Exploitation of Flagship Species of Scarabaeid Beetles with Application of Analyzed Results on Cultu...

Kenta Takada

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Exploitation of Flagship Species of Scarabaeid Beetles with Application of Analyzed Results on Cultural Entomology

Kenta Takada

3-13-29, Takeshima, Nishiyodogawa-ku, Osaka 55-0011, Japan

Abstract

For successful conservation of diverse insects, it is important to study the current attitude and interest of the general public toward diverse insects from the aspect of cultural entomology. The popularity of different scarabaeid species in Japanese society was therefore investigated. Popularity was assessed by the Google search volume for scarabaeid species names in katakana script, using the Keyword Tool of Google AdWords. As a whole, a relatively small number of scarabaeid species was represented by an extraordinarily high search volume, while an abundance of other species was represented by a low search volume, indicating the biased attention of Japanese to only a small number of scarabeid species. It appears that most of the popular scarabaeids have characteristics of (1) apparent morphological and ecological traits, (2) association with human survival, (3) occurrence of the species around human habitation, and/or (4) their widespread distribution in Japan. In particular, the search volume for Kabuto-mushi Trypoxylus dichotomus, a species with a distinctive horn and large body and occur in traditional rural landscapes in a wide range of Japan, was extraordinarily high relative to other species examined. This demonstrates, as also shown in earlier publications, that these beetles strongly fascinate the Japanese general public. Such a distinct preference for Japanese rhinoceros beetles suggests their high potential as a flagship species, which by definition are charismatic species and can become symbols and leading elements in any conservation campaign.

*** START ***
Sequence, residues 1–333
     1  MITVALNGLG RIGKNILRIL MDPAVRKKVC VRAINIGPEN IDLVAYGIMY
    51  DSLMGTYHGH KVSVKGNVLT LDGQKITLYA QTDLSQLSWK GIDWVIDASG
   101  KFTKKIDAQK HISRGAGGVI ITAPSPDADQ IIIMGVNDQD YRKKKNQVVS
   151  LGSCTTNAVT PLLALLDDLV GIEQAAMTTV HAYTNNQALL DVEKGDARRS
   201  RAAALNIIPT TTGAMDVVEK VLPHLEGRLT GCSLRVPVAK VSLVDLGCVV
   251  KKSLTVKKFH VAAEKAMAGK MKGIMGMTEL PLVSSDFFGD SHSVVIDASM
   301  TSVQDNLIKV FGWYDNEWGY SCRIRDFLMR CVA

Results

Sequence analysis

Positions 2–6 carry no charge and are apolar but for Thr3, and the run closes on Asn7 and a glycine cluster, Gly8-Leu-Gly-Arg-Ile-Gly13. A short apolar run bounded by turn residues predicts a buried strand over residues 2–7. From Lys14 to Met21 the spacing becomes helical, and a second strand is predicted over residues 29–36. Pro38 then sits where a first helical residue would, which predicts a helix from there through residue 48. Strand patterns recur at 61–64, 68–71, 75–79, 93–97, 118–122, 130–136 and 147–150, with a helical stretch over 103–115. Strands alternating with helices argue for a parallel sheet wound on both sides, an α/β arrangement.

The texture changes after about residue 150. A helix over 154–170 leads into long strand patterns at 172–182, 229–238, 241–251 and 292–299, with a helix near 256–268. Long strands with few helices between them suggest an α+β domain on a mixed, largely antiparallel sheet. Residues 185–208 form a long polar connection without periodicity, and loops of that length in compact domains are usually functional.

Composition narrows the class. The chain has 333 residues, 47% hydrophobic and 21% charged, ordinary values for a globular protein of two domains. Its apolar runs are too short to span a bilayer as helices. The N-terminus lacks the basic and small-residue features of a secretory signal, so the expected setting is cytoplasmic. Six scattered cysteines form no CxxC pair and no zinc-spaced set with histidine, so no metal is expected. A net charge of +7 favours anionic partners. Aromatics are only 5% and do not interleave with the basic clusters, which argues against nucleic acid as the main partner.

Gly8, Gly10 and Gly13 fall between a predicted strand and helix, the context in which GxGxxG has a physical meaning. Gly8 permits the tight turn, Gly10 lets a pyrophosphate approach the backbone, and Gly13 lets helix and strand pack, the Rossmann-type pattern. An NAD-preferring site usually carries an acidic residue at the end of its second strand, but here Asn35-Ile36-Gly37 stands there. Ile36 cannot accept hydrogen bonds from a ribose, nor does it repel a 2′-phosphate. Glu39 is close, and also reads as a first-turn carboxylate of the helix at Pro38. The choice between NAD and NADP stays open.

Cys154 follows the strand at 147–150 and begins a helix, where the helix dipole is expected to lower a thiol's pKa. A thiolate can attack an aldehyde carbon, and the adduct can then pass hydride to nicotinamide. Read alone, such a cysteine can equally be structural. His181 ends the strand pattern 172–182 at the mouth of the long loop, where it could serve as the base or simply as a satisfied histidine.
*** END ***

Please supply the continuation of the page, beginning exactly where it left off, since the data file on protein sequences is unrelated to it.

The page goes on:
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Cite this article: